Jelley, Herbert Leonard

Herbert Leonard 

Jelley

1921 - 1944
Aged23
Rank Gunner
Service no.11411002
Regiment 67 Heavy Anti-Aircraft Regiment, Royal Artillery
Born March 27, 1921
DiedSeptember 6, 1944

About

About
Herbert Leonard
Jelley

Gateway School 1932-37.

Son of James and Evelyn Jelley.

Gunner Jelley died during the fighting against Japanese forces in Burma. He is buried in Imphal War Cemetery, India, Grave 2. D. 8.

67 H A-A Regiment Royal Artillery was part of Lieutenant General Slim’s 14th Army.

History Information

The easiest route from Burma (now Myanmar) to India is through Imphal into Assam and after the invasion of Burma, Imphal became a focal point in the defence of India against the Japanese. Early in 1942, as the Japanese approached Rangoon, a very large proportion of its Indian population fled from the city to India, many of them to Upper Burma and so by Chindwin tracks to Assam. In May of that year, Commonwealth forces followed the same route on their retreat to India. In their wake came still more civilian refugees, many of whom died on the arduous journey under ceaseless heavy rain, without transport and food. Of the 400,000 civilians who fled to India about 140,000 passed through Imphal into Assam. The defence of India and the retention of a position from which Burma could be re-entered now became of primary importance. The 23rd Indian Division was formed in Manipur State, new airfields were constructed there, and army and air force reinforcements arrived. Eventually there was a considerable concentration of Commonwealth fighting forces in the Imphal area and from November 1944 onwards, No. 38 General Hospital was posted there. Strategically well placed for attacks on the lines of communication by railway, road and river which were vital for the maintenance of all Allied operations in Burma, Imphal with its airfields was a main objective when the Japanese made their thrust towards India in the spring of 1944. There was severe fighting in the surrounding hills and on the outskirts of the plain and the Japanese succeeded in cutting a long section of the Imphal-Kohima road and holding it for over three months. The Fourteenth Army held on grimly, inflicting heavy punishment on the Japanese. Of all the battles on this frontier of India the siege of Imphal and its relief in the summer of 1944 rank next in importance to the Battle of Kohima. There were originally some 950 burials in Imphal War Cemetery, but after hostilities had ceased, the Army Graves Service brought n graves from two smaller cemeteries in Imphal and from isolated positions in the surrounding region. The cemetery now contains 1,600 Commonwealth burials of the Second World War. He is also commemorated on Curzon Street Primitive Methodist Church memorial which is now in Uppingham Rd. Methodist Church.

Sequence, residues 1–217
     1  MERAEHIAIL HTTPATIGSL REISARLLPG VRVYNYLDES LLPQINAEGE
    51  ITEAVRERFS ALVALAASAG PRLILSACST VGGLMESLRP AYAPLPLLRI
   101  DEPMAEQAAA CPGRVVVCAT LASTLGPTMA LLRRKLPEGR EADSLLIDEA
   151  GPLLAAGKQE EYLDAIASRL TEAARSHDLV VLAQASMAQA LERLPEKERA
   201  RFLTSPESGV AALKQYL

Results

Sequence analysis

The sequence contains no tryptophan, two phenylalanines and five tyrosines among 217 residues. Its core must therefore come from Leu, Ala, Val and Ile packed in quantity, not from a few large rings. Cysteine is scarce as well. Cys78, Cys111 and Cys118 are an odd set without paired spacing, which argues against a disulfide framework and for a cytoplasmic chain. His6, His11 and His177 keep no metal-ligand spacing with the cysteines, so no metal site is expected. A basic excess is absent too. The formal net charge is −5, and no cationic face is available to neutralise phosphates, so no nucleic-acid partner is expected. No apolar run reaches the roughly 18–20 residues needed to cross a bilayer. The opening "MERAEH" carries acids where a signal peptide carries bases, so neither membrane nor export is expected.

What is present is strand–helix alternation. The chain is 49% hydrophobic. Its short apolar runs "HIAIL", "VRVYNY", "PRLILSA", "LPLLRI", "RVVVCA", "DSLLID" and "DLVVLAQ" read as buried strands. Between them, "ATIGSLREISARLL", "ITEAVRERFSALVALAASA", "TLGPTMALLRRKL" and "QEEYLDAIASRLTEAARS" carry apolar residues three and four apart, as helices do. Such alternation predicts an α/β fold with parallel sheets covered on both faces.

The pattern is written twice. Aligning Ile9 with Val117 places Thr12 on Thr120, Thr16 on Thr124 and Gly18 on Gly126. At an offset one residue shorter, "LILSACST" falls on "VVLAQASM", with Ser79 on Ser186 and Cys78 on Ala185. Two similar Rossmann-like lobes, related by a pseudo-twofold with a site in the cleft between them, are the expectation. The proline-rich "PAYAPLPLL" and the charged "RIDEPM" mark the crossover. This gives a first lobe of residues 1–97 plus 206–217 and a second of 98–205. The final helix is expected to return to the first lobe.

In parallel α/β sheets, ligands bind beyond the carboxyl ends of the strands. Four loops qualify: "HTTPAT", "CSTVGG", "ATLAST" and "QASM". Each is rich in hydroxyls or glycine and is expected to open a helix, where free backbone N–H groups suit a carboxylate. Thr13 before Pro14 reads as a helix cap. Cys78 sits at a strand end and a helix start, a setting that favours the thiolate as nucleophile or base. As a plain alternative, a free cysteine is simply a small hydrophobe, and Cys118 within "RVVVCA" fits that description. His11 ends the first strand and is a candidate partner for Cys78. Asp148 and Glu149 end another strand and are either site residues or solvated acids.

Get Email Updates

Share this page

Share on facebook
Facebook
Share on twitter
Twitter
Share on pinterest
Pinterest
Share on email
Email
Share on facebook
Share on twitter
Share on pinterest
Share on email

Leicester City, County & Rutland “At Risk” War Memorials Project is a company limited by guarantee and incorporated in England under company registration number 08176202. The address of the company’s registered office is The Chancel, rear of All Saints’ Church, Highcross Street, Leicester LE1 4PH. Registered as a charity for tax purposes with HMRC.

Copyright © 2022 Leicester City, County & Rutland “At Risk” War Memorials Project 2018

Design & Build by:
onesixone web design